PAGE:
- No criticizing of ideas is allowed
- Laugh, have fun, and let loose a little, because this gets the “creative juices” flowing
- Ideas should be stated factually, not as blaming or scapegoating someone else
- Set a time limit; usually 25 to 35 minutes is sufficient in a group of eight to twelve people
Once brainstorming gets started, the hardest part for most teams is capturing the ideas fast enough. The group should have a designated facilitator to write down ideas and keep the process going, but one person can rarely write fast enough to keep up with the group so consider selecting two or three people to capture ideas. Some people like to write everything on a white board, but it is a good idea to have a supply of sticky notes close by in case the white board runs out of room. They can also come in handy in the next step, creating categories.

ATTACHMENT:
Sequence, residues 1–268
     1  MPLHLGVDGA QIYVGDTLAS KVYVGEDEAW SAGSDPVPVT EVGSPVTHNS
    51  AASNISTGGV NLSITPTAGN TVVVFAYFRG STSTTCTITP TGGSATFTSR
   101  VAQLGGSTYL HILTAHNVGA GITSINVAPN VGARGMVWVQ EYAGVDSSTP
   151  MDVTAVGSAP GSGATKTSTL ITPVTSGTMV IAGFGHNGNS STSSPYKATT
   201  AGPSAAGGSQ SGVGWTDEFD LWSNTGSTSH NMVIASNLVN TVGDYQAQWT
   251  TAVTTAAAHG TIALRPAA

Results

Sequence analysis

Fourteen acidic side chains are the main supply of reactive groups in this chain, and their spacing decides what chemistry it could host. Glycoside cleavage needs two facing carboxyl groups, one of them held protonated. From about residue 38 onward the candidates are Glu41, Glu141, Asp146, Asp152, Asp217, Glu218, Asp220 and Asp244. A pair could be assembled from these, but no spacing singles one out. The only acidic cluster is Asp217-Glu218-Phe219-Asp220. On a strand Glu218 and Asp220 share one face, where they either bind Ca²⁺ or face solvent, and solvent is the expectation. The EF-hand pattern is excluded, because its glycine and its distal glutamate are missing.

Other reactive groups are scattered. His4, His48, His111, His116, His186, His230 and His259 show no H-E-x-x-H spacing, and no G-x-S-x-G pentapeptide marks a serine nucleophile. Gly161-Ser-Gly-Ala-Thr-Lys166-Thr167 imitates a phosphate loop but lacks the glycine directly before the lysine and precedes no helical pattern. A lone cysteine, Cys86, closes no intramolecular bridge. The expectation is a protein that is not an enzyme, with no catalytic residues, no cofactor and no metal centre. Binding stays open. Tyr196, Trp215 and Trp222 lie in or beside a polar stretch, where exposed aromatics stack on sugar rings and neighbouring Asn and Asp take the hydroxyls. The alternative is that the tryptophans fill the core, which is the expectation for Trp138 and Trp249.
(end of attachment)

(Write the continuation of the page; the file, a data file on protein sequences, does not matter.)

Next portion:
Six Sigma Tool: Creating Categories
Once brainstorming is finished it is time to sort through the ideas generated and put them into categories. Some Six Sigma practitioners recommend specific categories for certain industries, while others suggest you use the titles of affinity sets if you have used an affinity diagram tool.
Here are two examples of categories that are often used in selected industries:
– Measurements, Machinery, Methods, Environment, Materials, Manpower
– People, Procedures, Equipment, Policies
If these categories work for your needs then great, but if not then feel free to mix and match or create your own unique categories.
State the Effect Brainstorm causes Categorize causes
|State the Effect|
Putting it All Together
With the cause and effect matrix complete, the team can then prioritize the key causes. There are a number of ways to winnow down and set priorities, such as voting, assigning rankings of one through five, etc. You should choose the method that works best for your team.
Once you have the priority causes identified, you are ready to move on through the rest of the Analyze phase and into the Improve and Control phases.